Vol. 31, No. 2
In difficult times, stories are vital. They are tools we can use to fight against systemic oppression. Now, more than ever, we need to hear and tell empowering stories of resistance. We must share these stories with children, especially in classrooms, where group discussion can be encouraged and perspectives respectfully exchanged. My Night in the Planetarium could not have come to us at a better time; it is just the kind of story children need to hear. Right away.
Nagara, who also wrote and illustrated A Is for Activist and Counting on Community, told Britni de la Cretaz at the Washington Post that his exquisitely illustrated picture book is about many things: “the role of art in social change movements, an introduction to colonialism, an exposure to Indonesia, an understanding of how cycles of power corrupt, and the idea that we all have agency to make change.” As a child in Indonesia under the iron-fisted rule of General Suharto (in office 1967–98), Nagara enjoyed playing roles in the popular political theater his father wrote and presented all around the country. He grew up observing and participating in peaceful defiance of systemic injustice.
The title of Nagara’s true story refers to a night when he was 7 years old. His father’s theater troupe got word that the police were going to arrest the actors after their show—so they all sneaked out with the audience. Nagara and his mother spent that memorable night in the Jakarta planetarium watching the stars, safely hidden from the police. His father stayed in hiding for a while, then returned to his family and continued to speak out against Suharto’s “New Order” through stage performances and poetry.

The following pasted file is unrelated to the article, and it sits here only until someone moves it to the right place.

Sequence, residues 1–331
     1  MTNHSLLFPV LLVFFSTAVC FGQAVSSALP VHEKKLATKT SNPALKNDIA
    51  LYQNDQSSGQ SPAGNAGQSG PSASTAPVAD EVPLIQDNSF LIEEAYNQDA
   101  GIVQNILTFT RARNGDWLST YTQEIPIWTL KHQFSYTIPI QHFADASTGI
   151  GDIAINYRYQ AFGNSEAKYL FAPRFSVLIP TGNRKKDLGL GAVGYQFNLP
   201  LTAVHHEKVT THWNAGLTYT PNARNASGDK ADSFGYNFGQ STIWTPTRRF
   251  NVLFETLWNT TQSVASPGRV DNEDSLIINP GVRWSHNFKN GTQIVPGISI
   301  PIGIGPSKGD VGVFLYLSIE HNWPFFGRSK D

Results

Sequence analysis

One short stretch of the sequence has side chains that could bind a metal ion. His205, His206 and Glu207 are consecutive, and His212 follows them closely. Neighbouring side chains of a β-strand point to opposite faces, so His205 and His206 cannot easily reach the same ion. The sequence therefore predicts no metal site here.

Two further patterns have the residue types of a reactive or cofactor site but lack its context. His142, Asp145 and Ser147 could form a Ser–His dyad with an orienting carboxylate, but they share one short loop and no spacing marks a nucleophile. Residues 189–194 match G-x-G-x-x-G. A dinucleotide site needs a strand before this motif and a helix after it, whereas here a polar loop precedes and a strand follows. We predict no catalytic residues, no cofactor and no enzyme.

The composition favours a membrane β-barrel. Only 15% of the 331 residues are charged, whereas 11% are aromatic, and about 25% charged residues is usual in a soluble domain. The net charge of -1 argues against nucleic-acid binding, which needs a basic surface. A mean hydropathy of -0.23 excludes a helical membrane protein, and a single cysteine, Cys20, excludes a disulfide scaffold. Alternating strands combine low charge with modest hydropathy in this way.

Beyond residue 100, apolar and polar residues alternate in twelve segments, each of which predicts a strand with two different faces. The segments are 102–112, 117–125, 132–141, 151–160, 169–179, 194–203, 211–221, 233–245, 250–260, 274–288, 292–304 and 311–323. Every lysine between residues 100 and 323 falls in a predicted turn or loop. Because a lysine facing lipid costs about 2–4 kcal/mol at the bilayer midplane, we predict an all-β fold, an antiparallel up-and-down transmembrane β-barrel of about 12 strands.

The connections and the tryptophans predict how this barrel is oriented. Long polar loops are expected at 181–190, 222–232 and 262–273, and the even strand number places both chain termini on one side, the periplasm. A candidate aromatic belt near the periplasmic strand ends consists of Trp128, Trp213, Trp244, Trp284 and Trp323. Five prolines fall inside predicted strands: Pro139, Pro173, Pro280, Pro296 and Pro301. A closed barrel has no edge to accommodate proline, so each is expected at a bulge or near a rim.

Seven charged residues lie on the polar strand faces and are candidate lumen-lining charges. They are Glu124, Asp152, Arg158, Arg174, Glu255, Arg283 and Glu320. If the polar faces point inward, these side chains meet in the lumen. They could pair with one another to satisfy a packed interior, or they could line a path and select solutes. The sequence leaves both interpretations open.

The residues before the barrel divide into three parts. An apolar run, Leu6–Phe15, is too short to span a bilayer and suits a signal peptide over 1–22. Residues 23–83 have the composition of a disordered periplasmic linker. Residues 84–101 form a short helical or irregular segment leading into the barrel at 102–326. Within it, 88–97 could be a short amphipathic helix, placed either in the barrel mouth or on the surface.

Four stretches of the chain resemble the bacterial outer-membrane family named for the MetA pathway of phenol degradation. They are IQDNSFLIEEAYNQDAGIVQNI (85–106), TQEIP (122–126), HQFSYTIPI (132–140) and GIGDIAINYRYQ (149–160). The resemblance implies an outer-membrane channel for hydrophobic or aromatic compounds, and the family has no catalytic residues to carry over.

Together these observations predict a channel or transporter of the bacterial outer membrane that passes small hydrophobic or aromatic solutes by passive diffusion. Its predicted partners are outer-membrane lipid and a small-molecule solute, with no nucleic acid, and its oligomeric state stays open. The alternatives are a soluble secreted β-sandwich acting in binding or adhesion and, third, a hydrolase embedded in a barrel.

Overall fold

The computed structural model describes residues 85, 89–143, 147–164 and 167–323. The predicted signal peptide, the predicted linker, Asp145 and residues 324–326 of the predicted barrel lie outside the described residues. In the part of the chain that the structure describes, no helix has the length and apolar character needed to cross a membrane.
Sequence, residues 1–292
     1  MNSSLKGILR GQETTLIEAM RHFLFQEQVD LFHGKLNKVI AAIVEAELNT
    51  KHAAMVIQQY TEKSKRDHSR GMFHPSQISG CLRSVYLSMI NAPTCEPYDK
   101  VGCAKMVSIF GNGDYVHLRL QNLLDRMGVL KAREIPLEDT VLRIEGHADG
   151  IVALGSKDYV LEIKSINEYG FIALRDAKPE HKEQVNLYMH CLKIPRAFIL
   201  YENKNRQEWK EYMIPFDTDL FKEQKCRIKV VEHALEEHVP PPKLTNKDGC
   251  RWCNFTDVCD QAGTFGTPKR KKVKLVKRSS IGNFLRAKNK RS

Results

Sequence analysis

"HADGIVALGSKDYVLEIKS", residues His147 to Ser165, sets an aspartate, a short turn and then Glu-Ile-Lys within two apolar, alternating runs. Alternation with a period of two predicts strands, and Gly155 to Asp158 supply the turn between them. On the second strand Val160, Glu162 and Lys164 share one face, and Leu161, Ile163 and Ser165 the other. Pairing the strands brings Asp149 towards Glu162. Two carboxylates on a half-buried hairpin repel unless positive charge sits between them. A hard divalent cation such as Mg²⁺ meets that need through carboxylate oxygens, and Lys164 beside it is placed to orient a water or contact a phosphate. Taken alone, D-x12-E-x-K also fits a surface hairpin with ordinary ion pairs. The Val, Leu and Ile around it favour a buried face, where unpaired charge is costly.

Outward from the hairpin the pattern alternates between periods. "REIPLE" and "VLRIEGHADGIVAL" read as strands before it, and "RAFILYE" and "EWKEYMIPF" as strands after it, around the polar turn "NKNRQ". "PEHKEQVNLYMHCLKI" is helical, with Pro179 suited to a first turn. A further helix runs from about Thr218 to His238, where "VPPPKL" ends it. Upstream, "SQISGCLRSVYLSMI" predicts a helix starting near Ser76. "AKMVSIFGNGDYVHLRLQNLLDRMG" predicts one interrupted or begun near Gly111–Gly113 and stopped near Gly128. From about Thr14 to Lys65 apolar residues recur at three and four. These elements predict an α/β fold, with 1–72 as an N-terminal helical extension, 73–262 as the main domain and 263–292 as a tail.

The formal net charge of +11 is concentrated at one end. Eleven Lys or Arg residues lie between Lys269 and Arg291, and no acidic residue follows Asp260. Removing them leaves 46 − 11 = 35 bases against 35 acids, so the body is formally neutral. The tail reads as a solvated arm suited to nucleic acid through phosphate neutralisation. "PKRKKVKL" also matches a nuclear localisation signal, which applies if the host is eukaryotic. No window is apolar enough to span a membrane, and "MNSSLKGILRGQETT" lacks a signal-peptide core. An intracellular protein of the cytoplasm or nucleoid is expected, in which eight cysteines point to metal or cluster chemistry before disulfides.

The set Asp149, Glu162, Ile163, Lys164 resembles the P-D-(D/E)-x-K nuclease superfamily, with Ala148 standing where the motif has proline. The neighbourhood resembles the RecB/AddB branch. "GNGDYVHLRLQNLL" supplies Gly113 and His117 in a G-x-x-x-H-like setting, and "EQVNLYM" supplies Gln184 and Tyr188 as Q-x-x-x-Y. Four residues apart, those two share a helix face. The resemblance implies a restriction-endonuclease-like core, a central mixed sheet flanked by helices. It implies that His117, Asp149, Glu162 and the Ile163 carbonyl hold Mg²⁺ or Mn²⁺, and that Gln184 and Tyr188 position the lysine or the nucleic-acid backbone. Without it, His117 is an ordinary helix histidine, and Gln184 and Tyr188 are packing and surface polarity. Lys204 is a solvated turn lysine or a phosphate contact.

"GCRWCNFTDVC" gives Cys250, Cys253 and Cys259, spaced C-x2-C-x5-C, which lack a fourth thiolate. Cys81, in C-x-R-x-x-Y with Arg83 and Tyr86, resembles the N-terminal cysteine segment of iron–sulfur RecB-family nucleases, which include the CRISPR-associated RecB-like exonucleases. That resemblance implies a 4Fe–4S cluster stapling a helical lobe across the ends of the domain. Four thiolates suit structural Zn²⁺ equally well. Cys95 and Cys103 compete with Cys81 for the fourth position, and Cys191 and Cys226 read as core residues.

“Only three countries in the world have more people than Indonesia. Do you know what they are?” asks Nagara at the beginning of his story. In just a few pages, we learn that Indonesia is a country of 17,000 islands, with 300 different ethnic groups and 750 distinct languages and dialects. They were colonized by the Dutch: “We Indonesians are really nice, so we let them stay. They stayed for 350 years.” And we learn about revolution, too: “[The Dutch] hadn’t been very good guests. They stole our spices. They took our government. And they put people in jail if they complained. So people from all across the Indonesian islands decided to UNITE and kick them out.”
With engaging art, humor, and a warm, colloquial style that lends itself to being read aloud, the author spins a short, age-appropriate—but not watered-down—historical tale of his homeland. The story will remind readers of many other historical and current events around the world.
My Night in the Planetarium is published by the independent Seven Stories Press. It is heartening to read Seven Stories’ credo: “Publishers have a special responsibility to defend free speech and human rights, and to celebrate the gifts of the human imagination wherever we can.” Certainly, Innosanto Nagara’s latest book is one such gift, helping parents and educators explain complex issues to our children—and, I hope, inspiring us all to be activists. ◼